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Relationship between dog owner frightening behaviour and dog attachment security

Relationship between dog owner frightening behaviour and dog attachment security
Relationship between dog owner frightening behaviour and dog attachment security
The popularity of television dog trainers, who often use inhumane methods employing violence in behaviour modification, is worrying for many human/animal bond and welfare scientists. With this in mind, the aim of this study was to determine if owner frightening behaviour (FR) (Hesse & Main, 1996) predicted dog attachment security in Ainsworth et al.’s (1978) Strange Situation Test. Owner frightening behaviour (FR) is comprised of threatening, frightened, dissociative or disorganised behaviours. Owner (n = 52) FR behaviour frequencies (number of instances) and dog attachment behaviours (secure base effects, proximity seeking, comfort seeking, distress, latency to play/explore) were collected from video analyses. Four clusters (k-means Cluster Analysis) resulted: Secure (n = 15), Insecure/Anxious (n = 11), Insecure/Passive (n =15) and Avoidant (n = 11). The results found that 13 (25%) owners displayed FR behaviours: 4 threatening; 1 frightened; 6 dissociative; and, 2 disorganised. In a chi square analysis, the relationship between dog security and owner FR was significant, ?2 (1) = 3.78, p <.05. Dogs were 6.75 times more likely to be scored as Insecure (Avoidant, Passive or Anxious) in the Strange Situation if their owners exhibited FR behaviours than Secure. Owners of Avoidant dogs are five times, owners of Passive dogs 4 times, and owners of Anxious dogs 3 times more likely to use frightening behaviours than owners of Secure dogs. No owners of Secure cluster dogs used FR behaviours in this study. The results suggest that dog attachment insecurity is associated with the owner use of frightening behaviours. In contrast, attachment security is characterised by the absence of these behaviours. These results suggest that a strong dog/owner bond results from gentle, humane handling and that frightening or aversive interactions are more likely to produce dog avoidance and non-compliance as well as compromised welfare
dog attachment, strange situation test, human/dog bond, owner frightening behavior, aversive training, inhumane training
White, J.M.
d4a1f6eb-f555-41de-b545-f60c453da0c4
McBride, E.A.
8f13b829-a141-4b67-b2d7-08f839972646
Redhead, E.
d2342759-2c77-45ef-ac0f-9f70aa5db0df
White, J.M.
d4a1f6eb-f555-41de-b545-f60c453da0c4
McBride, E.A.
8f13b829-a141-4b67-b2d7-08f839972646
Redhead, E.
d2342759-2c77-45ef-ac0f-9f70aa5db0df

White, J.M., McBride, E.A. and Redhead, E. (1970) Relationship between dog owner frightening behaviour and dog attachment security.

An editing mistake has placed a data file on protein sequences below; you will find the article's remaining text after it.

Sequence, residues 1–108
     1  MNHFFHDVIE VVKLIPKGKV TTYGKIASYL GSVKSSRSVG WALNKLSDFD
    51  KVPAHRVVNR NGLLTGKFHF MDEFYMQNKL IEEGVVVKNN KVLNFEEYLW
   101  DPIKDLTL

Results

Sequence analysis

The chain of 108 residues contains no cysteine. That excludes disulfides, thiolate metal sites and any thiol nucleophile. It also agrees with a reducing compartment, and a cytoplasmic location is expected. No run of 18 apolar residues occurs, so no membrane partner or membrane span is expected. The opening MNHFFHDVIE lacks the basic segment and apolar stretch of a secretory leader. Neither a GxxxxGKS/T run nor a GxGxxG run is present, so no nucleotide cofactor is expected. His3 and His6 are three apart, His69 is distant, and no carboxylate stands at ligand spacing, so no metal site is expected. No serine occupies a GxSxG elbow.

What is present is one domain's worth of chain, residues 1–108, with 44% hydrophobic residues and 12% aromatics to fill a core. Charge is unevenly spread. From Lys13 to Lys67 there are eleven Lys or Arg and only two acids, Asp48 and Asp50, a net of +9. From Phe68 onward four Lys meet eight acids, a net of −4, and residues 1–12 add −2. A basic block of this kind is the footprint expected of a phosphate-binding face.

Record type: Conference or Workshop Item (Paper)

Abstract

The popularity of television dog trainers, who often use inhumane methods employing violence in behaviour modification, is worrying for many human/animal bond and welfare scientists. With this in mind, the aim of this study was to determine if owner frightening behaviour (FR) (Hesse & Main, 1996) predicted dog attachment security in Ainsworth et al.’s (1978) Strange Situation Test. Owner frightening behaviour (FR) is comprised of threatening, frightened, dissociative or disorganised behaviours. Owner (n = 52) FR behaviour frequencies (number of instances) and dog attachment behaviours (secure base effects, proximity seeking, comfort seeking, distress, latency to play/explore) were collected from video analyses. Four clusters (k-means Cluster Analysis) resulted: Secure (n = 15), Insecure/Anxious (n = 11), Insecure/Passive (n =15) and Avoidant (n = 11). The results found that 13 (25%) owners displayed FR behaviours: 4 threatening; 1 frightened; 6 dissociative; and, 2 disorganised. In a chi square analysis, the relationship between dog security and owner FR was significant, ?2 (1) = 3.78, p <.05. Dogs were 6.75 times more likely to be scored as Insecure (Avoidant, Passive or Anxious) in the Strange Situation if their owners exhibited FR behaviours than Secure. Owners of Avoidant dogs are five times, owners of Passive dogs 4 times, and owners of Anxious dogs 3 times more likely to use frightening behaviours than owners of Secure dogs. No owners of Secure cluster dogs used FR behaviours in this study. The results suggest that dog attachment insecurity is associated with the owner use of frightening behaviours. In contrast, attachment security is characterised by the absence of these behaviours. These results suggest that a strong dog/owner bond results from gentle, humane handling and that frightening or aversive interactions are more likely to produce dog avoidance and non-compliance as well as compromised welfare

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White_IAHAIO_2010_-_Owner_FR_behaviour.doc - Author's Original
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Published date: 1 January 1970
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Keywords: dog attachment, strange situation test, human/dog bond, owner frightening behavior, aversive training, inhumane training

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Local EPrints ID: 146137
URI: http://eprints.soton.ac.uk/id/eprint/146137
PURE UUID: 723862e0-f76c-49b1-988d-d73078cd00b1

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Date deposited: 20 Apr 2010 15:37
Last modified: 15 Jun 2020 16:34

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